Generally, Brit universities have moved over to a modular system, and work is examined at the end of the semester in which it's completed, so 'finals' in the sense of not being examined until the end of the year has largely disappeared now. However, exams are nearly always concentrated into one week (usually two weeks after the end of teaching) and as students take four modules per semester, that's up to four exams per semester they can look forward to.
 

Joseph S

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I don't want to start a 'you American students have it easy' topic, but you American students have it easy.
...
Generally, Brit universities have moved over to a modular system, and work is examined at the end of the semester in which it's completed, so 'finals' in the sense of not being examined until the end of the year has largely disappeared now. However, exams are nearly always concentrated into one week (usually two weeks after the end of teaching) and as students take four modules per semester, that's up to four exams per semester they can look forward to.
Outside of the goofy attire requirements, I'm not seeing much of a difference here. Finals have almost always composed a great deal of my ultimate grade ranging from 33% to 100%. I've been through the two main methods of exam structure and find they both have major flaws. I've also had the "final only" grade situation and actually found that to be easier, because the detail comes in the initial exams. On a one exam course, they don't have anywhere near the time to test you on all the minutiae you would need to learn for 4 separate exams with the 4th covering part 4 and cumulative info. Three hours of exam time simply cannot equate to what they can test you on in 9-11 hours of exam time.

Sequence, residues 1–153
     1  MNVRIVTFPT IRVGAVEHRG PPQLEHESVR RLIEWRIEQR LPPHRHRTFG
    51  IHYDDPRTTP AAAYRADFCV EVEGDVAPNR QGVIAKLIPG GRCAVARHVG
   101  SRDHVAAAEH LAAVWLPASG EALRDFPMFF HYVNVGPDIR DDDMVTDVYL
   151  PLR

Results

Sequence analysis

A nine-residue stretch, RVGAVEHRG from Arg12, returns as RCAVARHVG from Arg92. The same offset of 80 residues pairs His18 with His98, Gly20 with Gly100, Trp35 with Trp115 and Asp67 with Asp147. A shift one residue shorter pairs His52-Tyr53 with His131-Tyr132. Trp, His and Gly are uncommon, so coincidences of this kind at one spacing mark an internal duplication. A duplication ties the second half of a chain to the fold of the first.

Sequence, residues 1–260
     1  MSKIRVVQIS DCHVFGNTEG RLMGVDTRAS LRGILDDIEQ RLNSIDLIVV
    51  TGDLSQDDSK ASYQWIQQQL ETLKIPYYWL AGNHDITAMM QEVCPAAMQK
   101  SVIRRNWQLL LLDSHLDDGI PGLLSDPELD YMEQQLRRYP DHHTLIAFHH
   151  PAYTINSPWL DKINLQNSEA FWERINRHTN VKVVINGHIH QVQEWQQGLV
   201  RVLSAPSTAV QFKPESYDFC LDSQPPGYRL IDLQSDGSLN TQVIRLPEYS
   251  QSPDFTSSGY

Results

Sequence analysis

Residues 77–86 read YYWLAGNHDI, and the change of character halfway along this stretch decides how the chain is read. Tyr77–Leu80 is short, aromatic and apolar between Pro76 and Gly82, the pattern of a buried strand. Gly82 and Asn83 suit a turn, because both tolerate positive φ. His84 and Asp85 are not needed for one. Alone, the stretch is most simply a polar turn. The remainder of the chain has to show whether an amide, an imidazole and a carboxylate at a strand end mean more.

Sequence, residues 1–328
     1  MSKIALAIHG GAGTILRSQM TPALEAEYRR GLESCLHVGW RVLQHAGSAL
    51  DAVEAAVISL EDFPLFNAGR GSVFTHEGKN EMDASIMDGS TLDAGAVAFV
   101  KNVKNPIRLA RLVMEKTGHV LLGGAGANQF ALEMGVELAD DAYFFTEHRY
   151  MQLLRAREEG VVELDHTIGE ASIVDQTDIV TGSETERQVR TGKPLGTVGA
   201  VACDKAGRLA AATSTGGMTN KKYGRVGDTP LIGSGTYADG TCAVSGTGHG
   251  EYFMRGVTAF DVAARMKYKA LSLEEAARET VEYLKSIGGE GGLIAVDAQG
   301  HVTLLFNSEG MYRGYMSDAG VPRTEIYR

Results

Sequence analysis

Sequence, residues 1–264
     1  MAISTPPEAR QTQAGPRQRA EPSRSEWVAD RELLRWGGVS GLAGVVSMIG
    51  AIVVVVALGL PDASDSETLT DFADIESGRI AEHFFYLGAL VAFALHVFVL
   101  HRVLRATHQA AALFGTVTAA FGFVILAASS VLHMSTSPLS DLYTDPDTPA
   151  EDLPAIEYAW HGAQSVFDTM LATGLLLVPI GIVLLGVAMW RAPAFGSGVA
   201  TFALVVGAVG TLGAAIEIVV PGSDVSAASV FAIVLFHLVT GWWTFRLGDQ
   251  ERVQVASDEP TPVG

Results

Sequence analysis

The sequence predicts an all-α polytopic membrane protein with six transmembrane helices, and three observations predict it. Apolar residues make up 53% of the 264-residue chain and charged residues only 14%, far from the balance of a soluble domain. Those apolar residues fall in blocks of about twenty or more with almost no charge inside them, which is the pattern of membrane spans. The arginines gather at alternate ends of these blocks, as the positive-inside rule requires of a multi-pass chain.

Two main types of exam schedules:
Blocks:
Exams in all subjects spread over 2-4 days and given every 4-5 weeks with cumulative final. Exams include Gross and/or Microscopic lab exams plus written Multi-choice and/or Essay exams.
Flaws: Overloaded the entire week with perhaps 8 hours total sleep. Following 1.5 weeks spent crashing from the prior week of hell instead of learning new material. MC exams allow for zero explanation and wording often leads to misinterpretation of either choices or the question. MC choices are often filled with info not part of the course material and thus difficult to rule out. Questions tend to be of the form, "Which of the following is not true." This can be extremely tricky when scientific info you have no way of knowing is listed in the choices. Basically you have to know all the course and book material by heart just to rule out the answer choice that is incorrect. This is why I love essay exams that allow me to explain my answer and provide details.
Exams given by Departments at differing intervals: